Michael Carbonaro is a multifaceted entertainer. He's an actor who has had recurring roles in various TV series, and he has also performed in his own comedy and magic show at clubs in New York and Los Angeles. He puts all of those talents to use -- and throws in a unique improvisation skill -- in "The Carbonaro Effect," an unscripted series in which he deceives, amazes and amuses an unsuspecting public. In each half-hour episode, Carbonaro performs baffling tricks on people in everyday situations, all caught on hidden camera. Whether the marks are alone or with friends, everyone is left stunned and delighted, even though they have no idea what they just experienced.
Comic Billy Eichner transitions his man-on-the-street-style interviews that first became popular via the Funny or Die website to TV, roaming the sidewalks of New York and asking pedestrians outrageous pop-culture trivia questions. A correct answer could win the passersby money, even if it's just $1. The real payoff for viewers comes in watching Eichner's frenzied irreverence -- an act he honed as a member of the comedy troupe the Upright Citizens Brigade -- clash with hardened New Yorkers, many of whom gleefully play along.
TV personality Kevin Pereira ("Attack of the Show") and comic Brooke Van Poppelen explore the world of "life hacks": procedures or actions that solve problems, simplify tasks or reduce frustrations. From opening a wine bottle with a shoe, eliminating pet hair on fabric with a squeegee and flip-flop, or using a sock to make a toilet seat more comfortable, the successful hacks are designed to be fun, inexpensive time-savers. Those that don't live up to the hype are exposed, and undercover hacks challenge members of the public to overcome pitfalls.
This hidden-camera series follows four lifelong friends -- Brian "Q" Quinn, James "Murr" Murray, Joe Gatto and Sal Vulcano -- who take dares to an outrageous level. Since they were young, the quartet have challenged one another to do ridiculous dares in public. On the show, to find out who is best under pressure, the guys compete in awkward and outrageous hidden-camera hijinks. At the end of each episode, the loser must perform what is deemed to be the most-mortifying challenge yet.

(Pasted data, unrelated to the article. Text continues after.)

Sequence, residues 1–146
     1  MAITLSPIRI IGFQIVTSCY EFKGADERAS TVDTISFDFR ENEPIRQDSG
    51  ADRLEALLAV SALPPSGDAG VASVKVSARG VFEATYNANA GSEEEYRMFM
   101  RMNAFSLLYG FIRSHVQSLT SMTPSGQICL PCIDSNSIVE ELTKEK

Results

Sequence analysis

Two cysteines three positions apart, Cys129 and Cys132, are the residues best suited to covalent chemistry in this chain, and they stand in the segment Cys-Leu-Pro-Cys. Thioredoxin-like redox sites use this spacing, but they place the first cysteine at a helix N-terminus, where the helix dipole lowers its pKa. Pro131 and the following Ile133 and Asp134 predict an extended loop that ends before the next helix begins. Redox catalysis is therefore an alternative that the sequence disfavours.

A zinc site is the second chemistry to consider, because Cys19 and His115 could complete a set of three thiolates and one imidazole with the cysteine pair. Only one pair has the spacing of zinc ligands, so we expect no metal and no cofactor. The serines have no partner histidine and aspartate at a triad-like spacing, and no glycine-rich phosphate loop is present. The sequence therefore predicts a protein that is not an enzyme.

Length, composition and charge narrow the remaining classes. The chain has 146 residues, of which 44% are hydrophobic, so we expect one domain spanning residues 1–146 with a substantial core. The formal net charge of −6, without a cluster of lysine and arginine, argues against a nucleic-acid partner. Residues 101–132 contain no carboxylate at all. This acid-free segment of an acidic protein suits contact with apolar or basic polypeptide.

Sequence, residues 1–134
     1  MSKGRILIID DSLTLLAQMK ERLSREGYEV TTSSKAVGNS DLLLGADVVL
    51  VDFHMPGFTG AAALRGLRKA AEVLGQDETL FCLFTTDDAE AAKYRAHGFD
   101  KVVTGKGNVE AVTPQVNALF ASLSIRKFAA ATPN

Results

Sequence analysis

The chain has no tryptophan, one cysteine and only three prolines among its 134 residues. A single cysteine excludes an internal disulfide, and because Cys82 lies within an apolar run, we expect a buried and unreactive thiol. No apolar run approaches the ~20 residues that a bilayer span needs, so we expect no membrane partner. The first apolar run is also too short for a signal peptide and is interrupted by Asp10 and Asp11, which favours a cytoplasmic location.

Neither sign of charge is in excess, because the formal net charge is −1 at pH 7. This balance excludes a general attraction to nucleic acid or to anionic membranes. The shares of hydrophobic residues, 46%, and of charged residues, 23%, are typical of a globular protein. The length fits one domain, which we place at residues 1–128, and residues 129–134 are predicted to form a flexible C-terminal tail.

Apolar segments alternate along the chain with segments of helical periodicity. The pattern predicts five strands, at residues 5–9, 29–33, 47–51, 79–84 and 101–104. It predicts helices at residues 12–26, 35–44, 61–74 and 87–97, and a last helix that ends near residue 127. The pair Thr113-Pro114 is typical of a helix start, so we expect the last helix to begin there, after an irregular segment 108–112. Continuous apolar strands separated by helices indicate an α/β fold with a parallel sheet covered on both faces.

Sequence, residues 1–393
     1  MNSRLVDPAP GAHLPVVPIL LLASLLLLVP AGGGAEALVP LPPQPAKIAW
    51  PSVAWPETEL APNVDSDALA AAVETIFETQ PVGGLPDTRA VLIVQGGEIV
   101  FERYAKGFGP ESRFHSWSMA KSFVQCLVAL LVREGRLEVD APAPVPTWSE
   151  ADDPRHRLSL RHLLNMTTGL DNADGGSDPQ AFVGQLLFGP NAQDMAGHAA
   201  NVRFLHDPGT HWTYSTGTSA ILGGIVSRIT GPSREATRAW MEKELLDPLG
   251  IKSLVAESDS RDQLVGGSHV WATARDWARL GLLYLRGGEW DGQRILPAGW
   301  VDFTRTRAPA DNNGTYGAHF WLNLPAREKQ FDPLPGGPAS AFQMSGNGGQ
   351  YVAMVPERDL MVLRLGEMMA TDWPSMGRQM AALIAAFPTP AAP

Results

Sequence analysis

Comics April Richardson and Chris Fairbanks host this half-hour series that applauds (wink, wink) how hard some people, places and things try to succeed despite ultimately failing. Actors, comedians and improvisation artists are digitally inserted into viral videos to comment on and congratulate people for being brave and ingenious in coming oh so close to victory. But, claims truTV, " `Almost Genius' doesn't mock, because as everyone knows, almost is awesome... and genius."
"truTV Top Funniest" is a countdown show of outrageous videos filmed in the U.S. Viral clips, home movies, pranks, surveillance videos, event footage and news bloopers are all part of the side-splitting action. Each episode features a different theme, like "Funny Fails" and "Ridiculous Moments."
TruTV's first foray into full-length scripted comedy is this series created by and starring Adam Cayton-Holland, Andrew Orvedahl and Ben Roy, members of the Denver-based comedy troupe The Grawlix. Playing high school teachers Loren Payton, Andy Fairbell and Billy Shoemaker, respectively, the three educators are about as dysfunctional as the students at Smoot High. Spanish teacher Loren is a self-proclaimed bon vivant; Andy teaches gym, health, and coaches girls volleyball, but his highly speculative sexual orientation is what really interests co-workers; and loud-mouthed, tattooed Billy's claim to fame is playing in a post-punk speed bludgeon band. Reluctant at first, new school librarian Abbey eventually joins in on the guys' antics.
Improv veterans Ryan Stiles, Wayne Brady and Colin Mochrie return for a new take on the comedy series with host, Aisha Tyler. Each episode, a special guest star joins the comics as they tackle a series of spontaneous improvised sketches, with only a few random ideas from the studio audience and their host. With little information and a lot of imagination, the comics depict a variety of characters and scenes, and even perform songs. At the end of each round, Aisha awards points to each of the four performers and announces a winner at the end of every episode.